Representing Chittenden 7-4 District in the VT House
July 20, 2017
Vermont Title 1, Chapter 5, Subchapter 3 (1VSA sections 315-320) has been much in the news. This statute is commonly known as the Public Records Act (PRA) and is within the jurisdiction of my committee, House Government Operations.
The PRA became most recently “newsworthy” because of a request from the Presidential Advisory Commission on Election Integrity. They are seeking personal information on registered voters from all states and the District of Columbia. Another relatively recent “newsworthy” request focused on documents and communications related to EB5. This is the federal program through which foreign investors obtain permanent U.S. residency if they invest $500,000 in a rural job-creating enterprise, among other requirements. It is now synonymous in Vermont with alleged fraud in the hundreds-of-million-dollars range. Think “Jay Peak, Newport, Burke Mountain.” “Newsworthy” or not, PRA requests cover the spectrum. Just a few additional examples are protection of the Vernon black gum swamp, missing money in Coventry, campaign finance improprieties, conflicts of interest, law enforcement activity, and so on and so forth. I myself was on the receiving end of a PRA request in the context of the Orange County contested election which ended up in my legislative committee.
So, what exactly does this law “do”?
The PRA begins with this statement: “It is the policy of this subchapter to provide for free and open examination of records consistent with Chapter I, Article 6 of the Vermont Constitution. Officers of government are trustees and servants of the people and it is in the public interest to enable any person to review and criticize their decisions even though such examination may cause inconvenience or embarrassment. All people, however, have a right to privacy in their personal and economic pursuits, which ought to be protected unless specific information is needed to review the action of a governmental officer. Consistent with these principles, the General Assembly hereby declares that certain public records shall be made available to any person as hereinafter provided….”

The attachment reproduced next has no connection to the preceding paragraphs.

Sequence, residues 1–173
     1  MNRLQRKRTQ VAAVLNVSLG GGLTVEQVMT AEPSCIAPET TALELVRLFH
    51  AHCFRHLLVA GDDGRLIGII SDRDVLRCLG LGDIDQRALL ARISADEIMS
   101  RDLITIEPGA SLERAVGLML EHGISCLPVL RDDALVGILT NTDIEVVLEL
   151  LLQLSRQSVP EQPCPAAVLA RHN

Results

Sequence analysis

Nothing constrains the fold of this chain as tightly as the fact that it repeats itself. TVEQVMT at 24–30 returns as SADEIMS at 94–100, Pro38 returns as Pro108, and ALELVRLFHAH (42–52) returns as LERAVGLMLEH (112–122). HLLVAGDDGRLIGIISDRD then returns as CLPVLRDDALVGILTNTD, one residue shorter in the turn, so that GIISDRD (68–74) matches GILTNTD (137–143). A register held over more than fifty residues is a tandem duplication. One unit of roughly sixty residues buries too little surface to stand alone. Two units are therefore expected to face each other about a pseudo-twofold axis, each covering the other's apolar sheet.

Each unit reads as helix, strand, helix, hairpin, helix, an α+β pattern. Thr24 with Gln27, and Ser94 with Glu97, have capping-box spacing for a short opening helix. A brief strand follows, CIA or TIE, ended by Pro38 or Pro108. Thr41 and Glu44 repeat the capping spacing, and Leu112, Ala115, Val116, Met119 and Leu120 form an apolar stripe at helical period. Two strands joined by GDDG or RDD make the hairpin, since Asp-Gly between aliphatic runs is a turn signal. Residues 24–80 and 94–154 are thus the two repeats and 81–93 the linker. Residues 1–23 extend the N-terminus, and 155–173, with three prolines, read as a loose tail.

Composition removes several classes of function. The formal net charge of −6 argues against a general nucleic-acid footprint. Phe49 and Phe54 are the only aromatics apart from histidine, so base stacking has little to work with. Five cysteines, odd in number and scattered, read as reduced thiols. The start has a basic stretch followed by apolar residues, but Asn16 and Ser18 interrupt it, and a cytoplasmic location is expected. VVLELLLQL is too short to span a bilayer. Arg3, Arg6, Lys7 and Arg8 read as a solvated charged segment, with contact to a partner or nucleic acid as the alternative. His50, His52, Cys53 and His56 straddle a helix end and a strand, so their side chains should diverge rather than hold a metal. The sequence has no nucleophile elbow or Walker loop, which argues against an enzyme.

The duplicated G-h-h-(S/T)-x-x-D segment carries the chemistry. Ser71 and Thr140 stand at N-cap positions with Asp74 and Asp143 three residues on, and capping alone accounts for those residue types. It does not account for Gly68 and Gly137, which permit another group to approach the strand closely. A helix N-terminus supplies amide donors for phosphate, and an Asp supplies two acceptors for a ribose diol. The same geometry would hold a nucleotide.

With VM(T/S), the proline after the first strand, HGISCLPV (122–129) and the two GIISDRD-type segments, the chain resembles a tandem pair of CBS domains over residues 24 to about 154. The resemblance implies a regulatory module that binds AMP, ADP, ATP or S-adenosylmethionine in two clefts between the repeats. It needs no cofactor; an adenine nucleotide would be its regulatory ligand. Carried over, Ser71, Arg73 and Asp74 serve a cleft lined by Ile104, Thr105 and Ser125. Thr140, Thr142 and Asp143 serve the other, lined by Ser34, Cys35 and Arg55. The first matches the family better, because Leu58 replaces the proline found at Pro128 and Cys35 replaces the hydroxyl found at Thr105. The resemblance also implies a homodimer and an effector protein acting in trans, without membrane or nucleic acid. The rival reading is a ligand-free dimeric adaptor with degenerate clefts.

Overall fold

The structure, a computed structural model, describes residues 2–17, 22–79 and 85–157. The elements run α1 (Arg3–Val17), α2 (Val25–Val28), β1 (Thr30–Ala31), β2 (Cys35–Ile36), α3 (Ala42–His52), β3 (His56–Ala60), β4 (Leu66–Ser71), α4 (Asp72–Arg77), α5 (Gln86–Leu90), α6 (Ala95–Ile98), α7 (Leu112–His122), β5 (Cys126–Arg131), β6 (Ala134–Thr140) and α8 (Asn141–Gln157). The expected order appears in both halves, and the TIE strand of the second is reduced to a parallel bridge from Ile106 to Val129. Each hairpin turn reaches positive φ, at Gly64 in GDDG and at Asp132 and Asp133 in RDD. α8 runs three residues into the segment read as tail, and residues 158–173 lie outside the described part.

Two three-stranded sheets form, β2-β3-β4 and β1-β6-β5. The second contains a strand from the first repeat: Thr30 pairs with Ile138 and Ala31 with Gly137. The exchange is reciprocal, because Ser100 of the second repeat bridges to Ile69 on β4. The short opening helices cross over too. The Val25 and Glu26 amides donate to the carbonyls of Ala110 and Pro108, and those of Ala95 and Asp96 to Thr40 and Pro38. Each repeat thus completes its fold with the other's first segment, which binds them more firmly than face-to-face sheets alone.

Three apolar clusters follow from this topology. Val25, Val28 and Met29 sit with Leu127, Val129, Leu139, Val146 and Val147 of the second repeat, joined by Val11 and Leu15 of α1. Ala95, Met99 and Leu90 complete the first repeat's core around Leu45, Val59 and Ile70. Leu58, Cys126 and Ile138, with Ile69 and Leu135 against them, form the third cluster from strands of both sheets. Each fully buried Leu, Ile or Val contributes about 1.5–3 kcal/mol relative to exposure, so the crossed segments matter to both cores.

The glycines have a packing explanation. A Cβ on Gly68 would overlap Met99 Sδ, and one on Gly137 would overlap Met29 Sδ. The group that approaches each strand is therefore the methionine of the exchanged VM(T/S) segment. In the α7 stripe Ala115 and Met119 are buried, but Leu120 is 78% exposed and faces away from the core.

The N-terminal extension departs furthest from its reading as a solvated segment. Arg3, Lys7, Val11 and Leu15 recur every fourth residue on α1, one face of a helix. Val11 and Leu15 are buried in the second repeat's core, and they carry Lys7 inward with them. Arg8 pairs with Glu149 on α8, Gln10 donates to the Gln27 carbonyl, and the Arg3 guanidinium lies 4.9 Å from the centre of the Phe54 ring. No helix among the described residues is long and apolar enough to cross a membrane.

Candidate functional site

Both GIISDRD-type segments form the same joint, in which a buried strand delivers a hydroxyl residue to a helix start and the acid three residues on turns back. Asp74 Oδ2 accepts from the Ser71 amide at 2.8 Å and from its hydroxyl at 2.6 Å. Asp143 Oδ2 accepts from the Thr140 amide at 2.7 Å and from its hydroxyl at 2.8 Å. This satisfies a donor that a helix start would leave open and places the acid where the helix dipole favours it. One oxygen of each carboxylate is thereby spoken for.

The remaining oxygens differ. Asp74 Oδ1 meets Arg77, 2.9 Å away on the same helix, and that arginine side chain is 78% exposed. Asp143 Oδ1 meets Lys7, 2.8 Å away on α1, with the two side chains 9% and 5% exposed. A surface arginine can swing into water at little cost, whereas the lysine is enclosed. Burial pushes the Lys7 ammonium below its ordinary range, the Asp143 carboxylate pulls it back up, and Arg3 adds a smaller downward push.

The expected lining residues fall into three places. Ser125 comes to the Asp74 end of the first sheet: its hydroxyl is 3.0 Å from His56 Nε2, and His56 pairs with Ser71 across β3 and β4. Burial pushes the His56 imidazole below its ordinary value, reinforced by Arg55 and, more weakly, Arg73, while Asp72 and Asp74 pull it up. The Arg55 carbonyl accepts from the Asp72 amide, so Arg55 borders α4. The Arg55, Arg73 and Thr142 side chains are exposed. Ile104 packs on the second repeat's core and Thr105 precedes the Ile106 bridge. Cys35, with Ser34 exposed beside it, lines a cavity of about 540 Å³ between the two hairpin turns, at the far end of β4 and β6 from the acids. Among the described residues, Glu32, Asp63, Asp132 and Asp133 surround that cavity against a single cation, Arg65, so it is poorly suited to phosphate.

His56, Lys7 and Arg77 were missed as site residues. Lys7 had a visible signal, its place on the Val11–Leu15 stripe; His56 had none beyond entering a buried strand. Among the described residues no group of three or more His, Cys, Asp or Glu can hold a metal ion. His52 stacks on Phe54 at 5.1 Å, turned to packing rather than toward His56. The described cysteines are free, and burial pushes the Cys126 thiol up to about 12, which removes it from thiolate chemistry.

The law continues by clarifying to whom this language applies: “[A]ny agency, board, department, commission, committee, branch, instrumentality, or authority of the state or any agency, board, committee, department, branch, instrumentality, commission, or authority of any political subdivision of the state” must provide access to public records for inspection and copying unless the records are exempt by law from public access.
Key words here are “certain public records” and “unless the records are exempt by law from public access.” The PRA cites forty categories of exemptions. These include, as examples, personal documents relating to an individual, investigations, trade secrets, tax records, information identifying a whistleblower, State-controlled database structures and application codes, patient medical information, and deliberations of any public agency acting in a judicial or quasi-judicial capacity. Also included among the forty is an exemption relating to voter information: A voter’s day and month of birth, driver’s license or non-driver ID number, email address, and the last 4 digits of the social security number are exempt from public access. It is this language which prohibits our Secretary of State from complying with the entirety of the request from the Presidential Commission on Election Integrity. It merits mention here that PRA amendments to further “tighten” protection of voters’ privacy will likely be proposed when the Legislature is back in session in January.
What happens, as often happens, when a PRA request is denied? There is an appeal process outlined in the law and it involves going to agency heads and ultimately applying to Superior Court (1VSA section 318-319). This can be very expensive, in terms of both human and financial resources. It is the rare individual or organization with the necessary “horsepower.” Add to the expense the frustration when, at any point in the process, the requested information may be forthcoming… but any real information has been redacted, and partial to entire pages are blank. This state of affairs will likely lead to a legislative proposal in January for the creation of a PRA ombudsman to facilitate the balance of the right to privacy and the public right to know. Legitimate transparency is the goal, not obfuscation.
If you would like to talk about this or any other legislative issue, please do not be shy. Contact me by email at firstname.lastname@example.org, by phone at 802-862-7404, at my home at 232 Patchen Road, on the street, or at Trader Duke’s from 8:30 to 9:30 on Saturday mornings.